In their natural habitat, these fish are typically found in warm, tropical waters with temperatures ranging from 73-82°F (23-28°C). 

Any fluctuations in water temperature can be stressful for Red Arc Pencilfish and can lead to health issues such as lethargy, loss of appetite, and even disease. 

To prevent temperature fluctuations, you can use a good-quality aquarium heater and thermometer to monitor and maintain a consistent water temperature.

When you choose an aquarium heater, you should select one that is appropriate for the size of your aquarium and the desired water temperature range. 

You should also use a backup heater in case the primary heater fails, to prevent sudden temperature drops.

In addition to maintaining a consistent water temperature, it is important to avoid rapid temperature changes, which can be harmful to the fish. 

For example, adding cold water to the aquarium can cause the temperature to drop quickly, while adding hot water can cause it to rise rapidly. 

So, you can do gradual temperature changes of no more than 2-3°F per day to prevent stressing your buddies.

3. pH Level

Red Arc Pencilfish are native to soft, acidic waters with a pH range of 5.5-7.5, and they can be sensitive to changes in pH levels.

A pH level that is too high or too low can cause stress to the fish, leading to a weakened immune system and increased susceptibility to disease. 

To maintain a stable pH level, you can use a good-quality pH test kit to regularly monitor the water conditions.

 If the pH level is too high or too low, appropriate measures should be taken to adjust it gradually. 

One way to lower pH levels is by adding natural materials such as driftwood, peat moss, or almond leaves to the aquarium. 

Another method is to use pH-lowering additives, such as pH buffers or acidic substrates.

On the other hand, if the pH level is too low, you can increase it gradually by adding a pH-raising substrate or using pH-raising additives. 

But note that making sudden and drastic changes to the pH level can harm the fish, so you should make adjustments gradually over time.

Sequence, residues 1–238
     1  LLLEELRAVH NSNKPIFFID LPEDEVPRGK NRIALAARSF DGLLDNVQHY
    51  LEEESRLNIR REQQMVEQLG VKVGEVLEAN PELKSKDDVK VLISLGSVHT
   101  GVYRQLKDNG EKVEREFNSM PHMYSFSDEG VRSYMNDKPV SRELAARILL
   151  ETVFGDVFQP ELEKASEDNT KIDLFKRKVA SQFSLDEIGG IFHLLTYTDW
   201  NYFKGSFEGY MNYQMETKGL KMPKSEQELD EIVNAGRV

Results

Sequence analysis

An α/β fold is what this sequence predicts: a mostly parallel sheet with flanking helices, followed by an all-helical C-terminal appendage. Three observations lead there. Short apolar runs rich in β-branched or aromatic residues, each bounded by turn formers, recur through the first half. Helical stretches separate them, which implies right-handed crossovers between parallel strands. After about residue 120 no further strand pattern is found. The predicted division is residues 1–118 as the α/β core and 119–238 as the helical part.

It is also important to note that different fish species have different pH preferences, so if you plan to keep Red Arc Pencilfish with other fish species, it is important to choose compatible species with similar pH requirements.

4. Water Hardness

Water hardness is a measure of the mineral content in the water, specifically the concentration of calcium and magnesium ions. 

These fish are native to soft to moderately hard water, with a water hardness range of 5-12 dGH. 

Water that is too hard or too soft can the fish and lead to health issues such as weakened immune systems, decreased appetite, and even death.

To maintain the appropriate water hardness, you can use a good-quality water test kit such as the API GH & KH Test Kit or the API Freshwater Master Test Kit.

If you find the water hardness too high, you can lower it gradually by using a water softening agent, such as reverse osmosis (RO) water or peat moss, or by mixing soft water with hard water.

On the other hand, if the water hardness is too low, you can increase it gradually by adding minerals such as calcium and magnesium to the water. 

You can achieve this by using a mineral supplement, such as API Proper pH 7.5, or by adding a substrate that contains minerals, such as crushed coral or aragonite sand.

b.Tank Requirements

1. Tank Size

Although Red Arc Pencilfish only grow up to 1.5 inches (3.8 cm) in length, they are active and social fish that require plenty of swimming space. 

Therefore, a small group needs at least a tank size of 10 gallons. 

I actually prefer maintaining a larger tank, such as a 20-gallon long or a 30-gallon tank to provide more swimming space and allow for a greater number of fish to live together without overcrowding.

A larger tank also helps to maintain stable water conditions, which is crucial for the health and well-being of the fish. 

This is because a larger water volume helps to dilute any toxins or fish waste, making it easier to maintain good water quality. 

It also provides more surface area for beneficial bacteria to grow, which helps to maintain a healthy nitrogen cycle in the aquarium.

2. Decorations

Decorations in an aquarium not only enhance its visual appeal but also provide hiding places, food sources, and breeding grounds for fish.

One popular decoration for aquariums is driftwood as it provides a natural and organic look to the aquarium and also serves as a hiding place and food source for Red Arc Pencilfish. 

But make sure to choose driftwood that has been properly cured and is free of any toxic substances or harmful bacteria.